This paper studies the optimal degree of leniency in a bank stress test, when poorly capitalized banks engage in risk shifting and a banking supervisor can intervene to prevent it. The stress test directly provides the supervisor with noisy information about whether or not a bank is well capitalized. Furthermore, the stress test outcome a¤ects a speculator's incentives to acquire costly information about the bank and trade in its shares. This in turn a¤ects the amount of market information available to the supervisor when she takes her intervention decision. We show that a supervisor optimally distorts the stress test towards leniency for banks whose shares are relatively illiquid, and about whom the supervisor has little private information. When the supervisor has substantial private information about a bank whose shares are fairly liquid, it is optimal to apply a conservative stress test.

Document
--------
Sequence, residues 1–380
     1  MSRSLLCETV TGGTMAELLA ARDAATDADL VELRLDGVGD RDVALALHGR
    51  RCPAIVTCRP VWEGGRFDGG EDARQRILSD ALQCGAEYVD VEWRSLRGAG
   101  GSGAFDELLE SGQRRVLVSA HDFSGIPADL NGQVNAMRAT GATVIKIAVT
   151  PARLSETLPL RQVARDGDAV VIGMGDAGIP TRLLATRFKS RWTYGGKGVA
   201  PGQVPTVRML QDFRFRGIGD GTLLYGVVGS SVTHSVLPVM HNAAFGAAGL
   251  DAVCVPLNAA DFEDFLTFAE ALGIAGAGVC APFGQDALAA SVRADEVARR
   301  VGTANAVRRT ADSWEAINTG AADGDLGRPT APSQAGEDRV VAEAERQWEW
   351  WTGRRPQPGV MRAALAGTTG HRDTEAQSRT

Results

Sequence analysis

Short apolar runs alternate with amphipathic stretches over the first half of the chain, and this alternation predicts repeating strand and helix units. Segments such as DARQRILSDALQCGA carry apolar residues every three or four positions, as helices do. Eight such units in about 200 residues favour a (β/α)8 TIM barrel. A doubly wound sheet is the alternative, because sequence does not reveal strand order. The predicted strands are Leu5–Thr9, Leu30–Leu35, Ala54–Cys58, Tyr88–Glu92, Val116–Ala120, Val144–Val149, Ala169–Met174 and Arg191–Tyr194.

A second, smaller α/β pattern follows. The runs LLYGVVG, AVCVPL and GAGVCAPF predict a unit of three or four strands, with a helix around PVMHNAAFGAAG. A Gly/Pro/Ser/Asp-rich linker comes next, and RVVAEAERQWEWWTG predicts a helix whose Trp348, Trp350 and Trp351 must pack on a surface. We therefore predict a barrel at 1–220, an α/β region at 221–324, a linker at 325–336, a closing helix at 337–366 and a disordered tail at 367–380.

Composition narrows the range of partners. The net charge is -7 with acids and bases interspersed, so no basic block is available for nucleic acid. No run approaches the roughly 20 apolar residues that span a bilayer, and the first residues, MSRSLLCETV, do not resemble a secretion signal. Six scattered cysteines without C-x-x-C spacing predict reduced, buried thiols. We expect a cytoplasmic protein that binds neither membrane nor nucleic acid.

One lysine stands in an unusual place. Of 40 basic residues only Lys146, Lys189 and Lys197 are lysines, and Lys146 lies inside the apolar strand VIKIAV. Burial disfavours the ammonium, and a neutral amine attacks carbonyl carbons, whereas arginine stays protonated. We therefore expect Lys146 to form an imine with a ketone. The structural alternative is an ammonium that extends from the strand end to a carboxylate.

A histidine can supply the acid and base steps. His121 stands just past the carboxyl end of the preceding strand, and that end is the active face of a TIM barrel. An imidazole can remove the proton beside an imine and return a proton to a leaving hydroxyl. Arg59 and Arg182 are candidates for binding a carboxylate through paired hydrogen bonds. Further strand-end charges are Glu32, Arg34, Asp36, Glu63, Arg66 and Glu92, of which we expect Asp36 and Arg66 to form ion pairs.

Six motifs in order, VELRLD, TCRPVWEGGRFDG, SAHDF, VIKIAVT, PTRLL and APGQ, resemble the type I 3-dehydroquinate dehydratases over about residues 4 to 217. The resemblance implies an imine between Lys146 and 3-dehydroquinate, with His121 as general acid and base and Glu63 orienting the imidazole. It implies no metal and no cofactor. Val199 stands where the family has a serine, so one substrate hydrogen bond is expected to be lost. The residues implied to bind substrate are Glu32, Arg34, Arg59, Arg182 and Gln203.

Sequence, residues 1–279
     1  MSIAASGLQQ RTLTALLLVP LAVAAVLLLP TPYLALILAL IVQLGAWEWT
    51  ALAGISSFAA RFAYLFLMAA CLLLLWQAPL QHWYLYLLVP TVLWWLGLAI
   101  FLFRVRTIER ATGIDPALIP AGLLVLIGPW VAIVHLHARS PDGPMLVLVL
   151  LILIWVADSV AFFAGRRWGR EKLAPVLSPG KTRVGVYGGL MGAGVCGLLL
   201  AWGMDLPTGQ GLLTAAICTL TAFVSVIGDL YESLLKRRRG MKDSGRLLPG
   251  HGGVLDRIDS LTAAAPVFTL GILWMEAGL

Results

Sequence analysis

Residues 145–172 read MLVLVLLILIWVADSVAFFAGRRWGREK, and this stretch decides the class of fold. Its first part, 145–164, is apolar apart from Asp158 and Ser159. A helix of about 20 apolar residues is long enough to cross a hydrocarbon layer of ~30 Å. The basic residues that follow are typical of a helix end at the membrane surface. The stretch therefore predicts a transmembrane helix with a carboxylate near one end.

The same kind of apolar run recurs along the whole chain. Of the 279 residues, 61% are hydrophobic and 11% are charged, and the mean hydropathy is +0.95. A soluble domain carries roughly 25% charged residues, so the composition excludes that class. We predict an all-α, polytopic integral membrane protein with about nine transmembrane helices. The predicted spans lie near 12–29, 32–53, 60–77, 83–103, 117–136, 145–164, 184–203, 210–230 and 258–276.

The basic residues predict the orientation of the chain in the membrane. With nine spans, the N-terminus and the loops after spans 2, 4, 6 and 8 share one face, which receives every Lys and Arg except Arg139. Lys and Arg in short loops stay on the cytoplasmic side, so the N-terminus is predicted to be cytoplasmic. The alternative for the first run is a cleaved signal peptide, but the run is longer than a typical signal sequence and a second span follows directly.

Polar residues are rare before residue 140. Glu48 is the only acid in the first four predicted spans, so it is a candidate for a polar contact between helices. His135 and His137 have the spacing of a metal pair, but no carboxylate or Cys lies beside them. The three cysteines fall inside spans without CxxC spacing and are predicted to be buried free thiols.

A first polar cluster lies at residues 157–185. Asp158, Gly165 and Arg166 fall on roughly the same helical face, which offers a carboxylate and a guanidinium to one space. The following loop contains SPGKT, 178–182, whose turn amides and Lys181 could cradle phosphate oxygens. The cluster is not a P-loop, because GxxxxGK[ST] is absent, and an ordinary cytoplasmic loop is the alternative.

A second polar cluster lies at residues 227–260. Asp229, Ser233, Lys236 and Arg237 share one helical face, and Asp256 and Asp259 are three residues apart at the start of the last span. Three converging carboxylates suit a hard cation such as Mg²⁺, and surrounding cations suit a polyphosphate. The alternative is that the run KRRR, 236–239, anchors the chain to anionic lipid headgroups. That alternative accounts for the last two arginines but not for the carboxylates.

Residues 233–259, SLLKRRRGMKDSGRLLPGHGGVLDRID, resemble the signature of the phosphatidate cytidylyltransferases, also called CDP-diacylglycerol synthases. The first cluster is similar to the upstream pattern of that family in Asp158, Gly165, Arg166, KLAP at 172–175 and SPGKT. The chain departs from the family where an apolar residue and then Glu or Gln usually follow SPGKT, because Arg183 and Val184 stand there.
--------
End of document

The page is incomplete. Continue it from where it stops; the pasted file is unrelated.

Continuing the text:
Stress test, leniency, monitoring, feedback, risk shifting;
- G14: Information and Market Efficiency • Event Studies • Insider Trading
- G28: Government Policy and Regulation
Haina Ding, and Alexander Guembel, “Market Information in Banking Supervision: The Role of Stress Test Design”, TSE Working Paper, n. 20-1144, September 2020.
TSE Working Paper, n. 20-1144, September 2020